Pickle Jar takes us on the journey of an egocentrically flawed central character as she struggles to find her place in the world. Plagued by a lack of confidence, she is just about surviving as an English teacher in this one-woman play written and performed by Maddie Rice. Rice’s character is overshadowed by her best friend and colleague, a jolly Irish woman whose idea of a good time is getting ‘fingered in the smoking section of ‘Spoons’. Conversely, Rice’s character is a prudish, inexperienced singleton who aspires to the confidence displayed by the teens she is responsible for teaching.
Combining humour, drama and a sprinkling of mime to create a safe platform on which to smatter some more serious issues
This concept, created by Maddie Rice and Katie Peskin, is innovative in itself. It combines humour, drama and a sprinkling of mime to create a safe platform on which to smatter some more serious issues, including rape and suicide. I enjoyed the idea of what Rice and Peskin are trying to achieve; however the scene setting takes much too long and I was almost lost in the meagre malaise of a woman searching for love, when I was suckerpunched by the more serious issues. This could have been a purposeful and ingenious technique on the part of the creators - however it felt like the more serious material and deeper messages were then crammed in at the end. To elevate the performance, elongating the time available to give sufficient time to explore the suicide of her pupil and the mental decline the central character faces would be useful, as well as the theme of guilt which sees her eventually completely mentally unravel.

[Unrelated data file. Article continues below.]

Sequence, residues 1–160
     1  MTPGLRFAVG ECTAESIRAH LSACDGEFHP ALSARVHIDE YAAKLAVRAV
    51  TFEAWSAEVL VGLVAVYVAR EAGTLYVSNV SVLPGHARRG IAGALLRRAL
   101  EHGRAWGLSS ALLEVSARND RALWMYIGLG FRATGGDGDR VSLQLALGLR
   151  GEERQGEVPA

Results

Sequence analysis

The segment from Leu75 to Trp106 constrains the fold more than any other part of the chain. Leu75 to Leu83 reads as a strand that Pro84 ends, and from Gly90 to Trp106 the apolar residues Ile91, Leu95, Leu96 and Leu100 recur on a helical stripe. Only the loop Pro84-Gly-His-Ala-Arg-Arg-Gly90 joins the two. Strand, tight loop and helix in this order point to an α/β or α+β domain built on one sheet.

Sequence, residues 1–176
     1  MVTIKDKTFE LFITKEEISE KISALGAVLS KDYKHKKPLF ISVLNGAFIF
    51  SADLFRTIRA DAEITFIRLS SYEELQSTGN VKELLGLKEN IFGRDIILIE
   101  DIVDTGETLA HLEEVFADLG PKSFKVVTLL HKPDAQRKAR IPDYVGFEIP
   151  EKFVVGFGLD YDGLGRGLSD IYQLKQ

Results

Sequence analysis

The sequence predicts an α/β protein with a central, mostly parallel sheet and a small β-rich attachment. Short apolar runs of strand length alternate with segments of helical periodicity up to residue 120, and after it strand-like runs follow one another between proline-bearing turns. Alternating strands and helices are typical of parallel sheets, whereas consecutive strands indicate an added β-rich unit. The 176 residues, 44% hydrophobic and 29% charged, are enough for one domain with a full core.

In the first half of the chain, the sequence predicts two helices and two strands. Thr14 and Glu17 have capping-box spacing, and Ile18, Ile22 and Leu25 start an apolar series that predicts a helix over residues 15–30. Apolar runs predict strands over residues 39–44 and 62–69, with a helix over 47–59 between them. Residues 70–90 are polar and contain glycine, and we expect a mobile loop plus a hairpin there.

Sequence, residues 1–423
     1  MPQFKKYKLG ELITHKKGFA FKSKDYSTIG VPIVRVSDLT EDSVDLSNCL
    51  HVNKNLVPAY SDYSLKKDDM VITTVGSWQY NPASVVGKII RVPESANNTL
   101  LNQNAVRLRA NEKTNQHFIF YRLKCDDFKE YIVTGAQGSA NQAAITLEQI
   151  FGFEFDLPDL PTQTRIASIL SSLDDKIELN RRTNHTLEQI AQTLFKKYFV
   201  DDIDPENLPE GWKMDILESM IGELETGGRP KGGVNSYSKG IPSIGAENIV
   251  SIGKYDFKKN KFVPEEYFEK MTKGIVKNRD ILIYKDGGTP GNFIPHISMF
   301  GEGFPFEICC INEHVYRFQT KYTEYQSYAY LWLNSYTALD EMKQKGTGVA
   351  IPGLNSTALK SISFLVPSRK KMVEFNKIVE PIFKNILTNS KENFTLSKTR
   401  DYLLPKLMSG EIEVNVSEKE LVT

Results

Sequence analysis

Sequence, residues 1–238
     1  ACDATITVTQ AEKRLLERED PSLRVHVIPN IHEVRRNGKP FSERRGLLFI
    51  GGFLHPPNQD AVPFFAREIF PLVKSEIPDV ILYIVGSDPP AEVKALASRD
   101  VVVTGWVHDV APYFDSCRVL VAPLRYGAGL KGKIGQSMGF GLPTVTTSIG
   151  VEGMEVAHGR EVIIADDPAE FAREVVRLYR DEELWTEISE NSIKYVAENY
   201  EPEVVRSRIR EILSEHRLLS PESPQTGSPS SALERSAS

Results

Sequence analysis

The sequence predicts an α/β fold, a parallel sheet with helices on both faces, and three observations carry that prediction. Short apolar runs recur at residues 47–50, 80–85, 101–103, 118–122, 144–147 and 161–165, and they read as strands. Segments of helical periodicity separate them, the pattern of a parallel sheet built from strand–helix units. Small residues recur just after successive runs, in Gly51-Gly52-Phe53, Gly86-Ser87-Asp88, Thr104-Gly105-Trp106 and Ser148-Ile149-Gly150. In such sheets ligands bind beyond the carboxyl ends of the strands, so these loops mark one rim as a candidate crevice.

There are a few gaps, for example what did happen to the plant? And what was the purpose of Raj, the Scottish shopkeeper? In general, I'd have liked more opportunity to explore how Rice's character developed - the liminal journey was cut short just as it was developing.
What can't be faulted is Rice's performance, which was slick and word perfect. She remained calm and virtually unaffected as an unplanned fire alarm went off, and confidently utilised the whole of the stage to ensure a production which physically moved with the pace of the story she was telling. An hour of creative theatre which will undoubtedly sell out toward the end of the run.